Friday, April 18, 2008
The most famous dangerous and crowded conveyances in the world are Kenyan matatus, the mini-vans that careen though the streets here in incredible numbers. Officially known as PSVs – Passenger Service Vehicles – their accident rate climbed so high that in 2004 the Transport minister forced a law requiring speed governors and seat belts. Yesterday, as I was blasting along the highway in a matatu, the insurance industry rescinded a 15 percent premium break originally given after the law was imposed. The transport minister who pushed the law is gone and yesterday the Transport Licensing Board told the Daily Nation newspaper that most of the matatu’s speed governors had been “tampered with,” and that “most PSVs were moving at speeds between 140 and 160 kmh, instead of the stipulated 80 kmh.”
“Travelers on Kenya’s roads,” the licensing board’s chairmen told the Nation, “are increasingly being put at risk because of the matatu madness.”
Mad but efficient. Waiting on the train and dhow yesterday, I decided to find a beach north of Mombasa. A travel agent said “White Sands” was the closest, and a few minutes later I am being assaulted by too many choices:
"Bamburi, Bamburi, Bamburi."
The shouts come so fast they sound like one long sing-song word.
"Ferry, Ferry, Ferry, Ferry."
Malindi, Malindi, Malindi." Malindi; that's it. I squish into the Hungry Vulture.
We are nine, and then in rapid succession ten, 12 and fourteen, plus driver and boy.
“Malindi, Malindi, Malindi,” the bus boy, who’s a man, not a boy, shouts again and again, like a cd stuck on skip. He rides with his head and shoulders out of the open door window, scanning the crowded streets. He’s not just collecting money and operating the door, he’s actively selling, cajoling, sniffing for the slightest sense of someone, anyone, contemplating a ride. Two hard bangs with his knuckles and the matatu swerves to the curb; the door slides open and out he jumps. A woman jumps in, steps on my feet – wide hips and thighs pushing against my shoulders – and squeezes into the back.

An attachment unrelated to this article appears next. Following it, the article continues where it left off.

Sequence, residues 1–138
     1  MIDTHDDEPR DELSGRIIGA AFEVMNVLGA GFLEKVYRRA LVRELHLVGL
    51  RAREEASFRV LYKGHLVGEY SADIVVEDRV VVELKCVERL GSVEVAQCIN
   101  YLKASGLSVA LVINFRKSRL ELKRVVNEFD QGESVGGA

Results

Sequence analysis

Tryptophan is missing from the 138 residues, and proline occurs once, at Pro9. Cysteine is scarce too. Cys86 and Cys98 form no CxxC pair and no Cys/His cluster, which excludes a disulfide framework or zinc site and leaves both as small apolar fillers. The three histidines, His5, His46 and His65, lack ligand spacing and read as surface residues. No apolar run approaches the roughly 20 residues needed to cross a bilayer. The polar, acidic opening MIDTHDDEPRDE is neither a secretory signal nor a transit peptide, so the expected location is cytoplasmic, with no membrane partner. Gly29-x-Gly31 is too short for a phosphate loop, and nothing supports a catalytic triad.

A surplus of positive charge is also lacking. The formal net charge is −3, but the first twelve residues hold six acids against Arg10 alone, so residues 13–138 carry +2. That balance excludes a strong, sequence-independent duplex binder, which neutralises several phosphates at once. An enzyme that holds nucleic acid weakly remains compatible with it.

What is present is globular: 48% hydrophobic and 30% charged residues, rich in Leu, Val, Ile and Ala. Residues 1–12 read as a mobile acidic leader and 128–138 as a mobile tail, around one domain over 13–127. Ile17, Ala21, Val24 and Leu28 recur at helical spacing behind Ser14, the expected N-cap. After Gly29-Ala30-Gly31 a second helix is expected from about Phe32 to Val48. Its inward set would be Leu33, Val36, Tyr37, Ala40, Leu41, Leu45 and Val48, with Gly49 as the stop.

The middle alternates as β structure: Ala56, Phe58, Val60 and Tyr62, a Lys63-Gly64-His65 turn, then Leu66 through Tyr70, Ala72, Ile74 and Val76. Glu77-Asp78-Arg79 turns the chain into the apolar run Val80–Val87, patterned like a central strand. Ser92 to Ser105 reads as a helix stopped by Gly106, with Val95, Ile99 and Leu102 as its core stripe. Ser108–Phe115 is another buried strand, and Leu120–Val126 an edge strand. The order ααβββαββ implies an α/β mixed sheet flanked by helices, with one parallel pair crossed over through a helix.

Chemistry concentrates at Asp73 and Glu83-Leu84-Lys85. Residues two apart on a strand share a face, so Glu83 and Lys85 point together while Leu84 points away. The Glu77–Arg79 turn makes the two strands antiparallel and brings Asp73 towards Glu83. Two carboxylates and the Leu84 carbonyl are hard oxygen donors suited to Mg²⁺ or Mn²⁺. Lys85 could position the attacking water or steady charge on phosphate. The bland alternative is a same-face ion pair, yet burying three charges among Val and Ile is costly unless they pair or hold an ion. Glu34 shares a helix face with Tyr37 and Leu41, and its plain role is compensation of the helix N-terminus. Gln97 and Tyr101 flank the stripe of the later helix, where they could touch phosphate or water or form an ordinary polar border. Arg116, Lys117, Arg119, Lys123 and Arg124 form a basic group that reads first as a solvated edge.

Two more hard, fast raps and the matatu is off. The boy swings in, slides the door forward with a bang, 50-shilling bills folded lengthwise between his pinky and ring finger. A tap – he doesn’t even make eye contact – and we hand over our 40 shillings, about 65 cents.
Had we been shot into space to a distant planet we would have been the perfect sample of humanity, conveniently packed into a can.
Next to me is a woman in black, head to toe (which I find unsettling, unable to read face or expression or even dress), only her eyes darting about, her left hand ornately hennaed. Behind us a dark black woman with almost shaved head, a baby on her back, with long dangling star-shaped earrings and red beads around her neck. In front of me a woman with her arms covered in silver bracelets and a purple turban around her head, clutching a bucket wrapped in plastic, a Rasta guy next to her, and men in ubiquitous t-shirts and flip-flops. And me. The smell of humanity as raw and acrid as an eastern shore chicken house in August.
Knock, knock, swerve, open, shut, slam, knock; brake and accelerate and honk and swerve – the driver’s eyes never leave the road and the pace is fast; a dance times a hundred, a thousand, as matatus everywhere all around move in frenetic step honking and braking and bus boys jumping in and out, past rows of market stalls of sticks and plastic sheeting and carpentry shops displaying beds and coffins, that goes on for miles and miles. The third world is all about tiny margins of profit in billions of miniscule exchanges; speed and maximum capacity are of the essence. Regulation; safety; comfort – they cost money and there is no money here. Or rather, there’s money, it’s just like grains of sand instead of jewels that fill your hands.
But it works: in 20 minutes I am at the beach. Even more impressive, on my way home I had to catch a matatu from the highway and wondered how long I’d have to wait. No worries: I stand on the roadside for 11 seconds before a matatu scoops me up and deposits me at the Mombasa post office, there to grab a waiting tuktuk for my hotel. Total cost: about a dollar.
Off to the port to see Captain Mohammed and port boss Hamed, who sit around a scarred wooden table in a small office overlooking the Indian Ocean, talking of Dubai and Somalia and Zanzibar.